# A Generalized Waveform Synthesis Mechanism for Software Radio

West Aquila SRL University of L'Aquila, DEWS

Poggio di Roio, I-67040 L'Aquila, Italy Poggio di Roio, I-67040 L'Aquila, Italy

Abstract:

This paper describes a generalized method to achieve Direct Waveform Synthesis (DWS) for different modulation formats both binary and multi-level, in order to include this mechanism in the general functioning of a software based IP-core. The effort in the development of this technique is justified by the inherent advantages coming from software radio technology such as the reduction in hardware complexity and the use of powerful solutions on a single, reprogrammable chip, [1]. Moreover a generalized approach for designing and managing of an IP core, which is based on Linear Algebra and specific programming, is derived from the developed algorithm.

INTRODUCTION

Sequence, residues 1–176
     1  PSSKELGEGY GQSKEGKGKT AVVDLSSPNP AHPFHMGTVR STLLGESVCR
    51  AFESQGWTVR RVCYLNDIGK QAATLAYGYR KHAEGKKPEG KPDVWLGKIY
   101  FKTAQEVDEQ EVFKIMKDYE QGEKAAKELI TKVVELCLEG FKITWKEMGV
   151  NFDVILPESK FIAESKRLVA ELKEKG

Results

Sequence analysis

Todays continuously changing technology brings the need to build "futureproof" radios. If the functions that were formerly carried out by hardware can be performed by software, new functionality can be deployed on a radio by updating the software running on it. The use of software defined radio (SDR) technology is predicted to replace many of the traditional methods of implementing transmit- ters and receivers while offering a wide range of advantages including adaptability, reconfigurability, and multifunctionality encompassing modes of operation, radio frequency bands, air interfaces, and waveforms. These advantages are even more significant while concerning with a wireless environment which is generally characterized by propagation impairments such as shadowing, multi-path propagation and path loss, [2]. Indeed, propagation of a radio signal through a wireless link can be greatly improved when adaptive transmission algorithms are adopted on the base of the observation of a certain variety of parameters such as signal strength, signal to noise ratio, carrier to interference ratio etc, [3], [4].